An extended version of the above, along with references, can be found at

Tuesday, July 21, 2009

Identity in Proper Context

Some researchers discuss identity-related issues as if individuals were beamed in from Mars in some kind of factory set form. Issues that often don't seem to be properly taken into account are the point in the lifespan at which the individual is located (developmental context) and the particular cultural and sociohistorical context that has impacted on the particular individual or group under examination. A number of posts to follow will look at these areas.

Previous Research Experience

During my time in DCU, in addition to my own doctoral work, I also worked as a research assistant/senior research assistant on three substantial qualitative research projects. I worked as a qualitative data analyst on two projects, one that focused on Irish football players returning home after being released by British football clubs and one that sought to explore the psychology of highly successful female accountants. In 2003 I was involved in a five month research project that was funded by a large multinational catering company. The project examined the socialisation of employees in a number of sites in which this organisation operated. The research involved covert participatory observation coupled with a diary method to collect the observations of three researchers. I was highly involved in the data collection, data analysis and report writing stages of this project.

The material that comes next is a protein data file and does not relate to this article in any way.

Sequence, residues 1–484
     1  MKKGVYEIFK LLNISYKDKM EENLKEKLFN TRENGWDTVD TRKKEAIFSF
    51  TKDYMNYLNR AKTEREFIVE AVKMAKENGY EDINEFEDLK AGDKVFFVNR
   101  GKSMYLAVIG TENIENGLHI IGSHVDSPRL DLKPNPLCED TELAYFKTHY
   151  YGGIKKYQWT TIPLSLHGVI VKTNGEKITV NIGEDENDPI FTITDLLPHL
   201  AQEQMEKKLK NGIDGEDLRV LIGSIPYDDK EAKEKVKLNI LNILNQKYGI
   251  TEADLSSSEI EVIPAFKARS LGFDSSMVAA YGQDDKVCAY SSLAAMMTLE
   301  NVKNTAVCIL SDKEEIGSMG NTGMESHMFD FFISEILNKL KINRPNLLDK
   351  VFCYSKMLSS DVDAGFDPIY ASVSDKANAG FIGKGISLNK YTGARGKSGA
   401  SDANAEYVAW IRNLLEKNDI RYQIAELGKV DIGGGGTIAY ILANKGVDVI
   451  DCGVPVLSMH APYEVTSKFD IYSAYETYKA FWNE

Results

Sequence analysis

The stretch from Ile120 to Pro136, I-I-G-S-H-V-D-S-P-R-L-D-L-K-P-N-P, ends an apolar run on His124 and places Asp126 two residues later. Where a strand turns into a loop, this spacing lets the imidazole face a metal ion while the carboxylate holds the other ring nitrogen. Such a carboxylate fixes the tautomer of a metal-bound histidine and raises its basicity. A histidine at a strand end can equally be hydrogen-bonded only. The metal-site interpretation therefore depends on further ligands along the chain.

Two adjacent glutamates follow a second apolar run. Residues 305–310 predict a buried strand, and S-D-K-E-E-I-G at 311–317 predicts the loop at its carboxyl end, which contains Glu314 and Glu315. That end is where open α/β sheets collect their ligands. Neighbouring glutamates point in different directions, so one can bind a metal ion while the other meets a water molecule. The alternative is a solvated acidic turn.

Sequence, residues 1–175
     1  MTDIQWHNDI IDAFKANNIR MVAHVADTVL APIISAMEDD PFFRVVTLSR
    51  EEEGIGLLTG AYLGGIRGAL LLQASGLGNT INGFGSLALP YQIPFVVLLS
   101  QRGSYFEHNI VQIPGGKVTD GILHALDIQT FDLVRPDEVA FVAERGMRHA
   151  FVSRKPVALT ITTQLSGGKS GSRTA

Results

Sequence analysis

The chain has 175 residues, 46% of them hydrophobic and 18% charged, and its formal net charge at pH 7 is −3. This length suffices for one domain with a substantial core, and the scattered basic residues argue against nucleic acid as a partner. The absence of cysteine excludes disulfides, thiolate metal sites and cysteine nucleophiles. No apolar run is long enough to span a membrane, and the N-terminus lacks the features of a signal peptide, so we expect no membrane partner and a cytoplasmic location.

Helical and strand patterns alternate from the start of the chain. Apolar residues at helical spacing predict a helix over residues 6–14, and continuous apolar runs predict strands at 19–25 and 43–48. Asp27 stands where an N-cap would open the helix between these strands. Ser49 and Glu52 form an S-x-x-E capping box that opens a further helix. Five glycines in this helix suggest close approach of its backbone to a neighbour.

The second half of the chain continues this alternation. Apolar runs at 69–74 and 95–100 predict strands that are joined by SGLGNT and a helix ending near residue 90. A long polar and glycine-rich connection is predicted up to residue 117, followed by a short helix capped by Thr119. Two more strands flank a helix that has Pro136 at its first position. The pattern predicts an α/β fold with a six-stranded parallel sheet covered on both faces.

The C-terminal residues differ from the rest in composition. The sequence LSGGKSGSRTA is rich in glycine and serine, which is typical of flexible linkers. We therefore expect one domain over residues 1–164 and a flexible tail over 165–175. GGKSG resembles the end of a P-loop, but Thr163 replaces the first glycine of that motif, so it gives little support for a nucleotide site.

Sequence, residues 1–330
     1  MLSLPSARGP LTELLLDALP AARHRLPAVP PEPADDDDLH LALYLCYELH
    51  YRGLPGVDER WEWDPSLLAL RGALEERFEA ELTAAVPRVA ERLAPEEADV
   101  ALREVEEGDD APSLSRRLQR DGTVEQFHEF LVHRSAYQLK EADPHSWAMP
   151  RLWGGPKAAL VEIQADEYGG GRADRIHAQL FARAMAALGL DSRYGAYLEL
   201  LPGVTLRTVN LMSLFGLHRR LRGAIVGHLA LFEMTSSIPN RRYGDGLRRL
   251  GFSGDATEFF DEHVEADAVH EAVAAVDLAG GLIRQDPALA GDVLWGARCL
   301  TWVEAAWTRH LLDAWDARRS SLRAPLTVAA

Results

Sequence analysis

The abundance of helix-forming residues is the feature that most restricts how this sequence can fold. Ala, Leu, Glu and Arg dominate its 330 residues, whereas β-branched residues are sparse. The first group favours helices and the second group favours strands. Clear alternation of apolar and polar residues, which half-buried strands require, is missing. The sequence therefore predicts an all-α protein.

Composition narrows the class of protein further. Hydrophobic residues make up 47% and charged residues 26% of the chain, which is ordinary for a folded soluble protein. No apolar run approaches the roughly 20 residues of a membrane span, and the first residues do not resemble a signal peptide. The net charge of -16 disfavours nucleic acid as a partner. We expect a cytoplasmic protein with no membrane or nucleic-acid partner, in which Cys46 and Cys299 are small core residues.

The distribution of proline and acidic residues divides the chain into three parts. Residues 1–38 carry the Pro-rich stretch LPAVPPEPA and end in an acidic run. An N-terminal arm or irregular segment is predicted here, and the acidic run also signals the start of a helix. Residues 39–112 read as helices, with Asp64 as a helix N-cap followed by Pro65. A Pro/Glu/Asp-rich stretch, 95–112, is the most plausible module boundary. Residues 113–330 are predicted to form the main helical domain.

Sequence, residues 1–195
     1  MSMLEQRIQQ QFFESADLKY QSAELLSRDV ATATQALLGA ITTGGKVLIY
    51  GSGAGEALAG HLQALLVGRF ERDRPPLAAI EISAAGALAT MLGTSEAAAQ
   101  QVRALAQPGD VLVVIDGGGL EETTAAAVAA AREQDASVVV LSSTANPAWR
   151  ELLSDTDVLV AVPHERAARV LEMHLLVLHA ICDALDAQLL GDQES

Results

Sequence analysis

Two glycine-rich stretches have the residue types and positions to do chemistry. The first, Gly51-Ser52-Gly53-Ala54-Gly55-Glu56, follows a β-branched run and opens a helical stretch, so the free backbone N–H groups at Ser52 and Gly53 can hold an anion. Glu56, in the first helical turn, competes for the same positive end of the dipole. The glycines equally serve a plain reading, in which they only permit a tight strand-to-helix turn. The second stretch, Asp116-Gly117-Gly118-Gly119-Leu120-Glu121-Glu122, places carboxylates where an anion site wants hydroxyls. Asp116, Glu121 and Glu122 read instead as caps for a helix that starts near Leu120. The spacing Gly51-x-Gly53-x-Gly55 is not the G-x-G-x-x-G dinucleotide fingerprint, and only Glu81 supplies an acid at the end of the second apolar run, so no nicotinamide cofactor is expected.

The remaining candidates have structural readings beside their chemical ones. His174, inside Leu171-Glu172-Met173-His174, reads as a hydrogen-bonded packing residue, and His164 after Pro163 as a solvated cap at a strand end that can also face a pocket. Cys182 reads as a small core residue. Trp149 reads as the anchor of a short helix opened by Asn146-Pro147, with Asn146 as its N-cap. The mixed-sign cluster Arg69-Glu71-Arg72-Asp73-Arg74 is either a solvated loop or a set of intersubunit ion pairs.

Educational Background

Just a little on my background:

I have a BA in Applied Psychology from University College Cork ( and a Phd in Social/Organisational Psychology from Dublin City University (

My doctoral work examined identity-creation and identity-management processes in organisational entrants (mature students entering an undergraduate degree programme) and was conducted under Dr. Finian Buckley ( The PhD thesis can be found at .

It was during the evolution of my doctoral work that I became enthralled by the concept of identity, by how people create an identity/identities, by how they manage those identities and by how identities can change over time.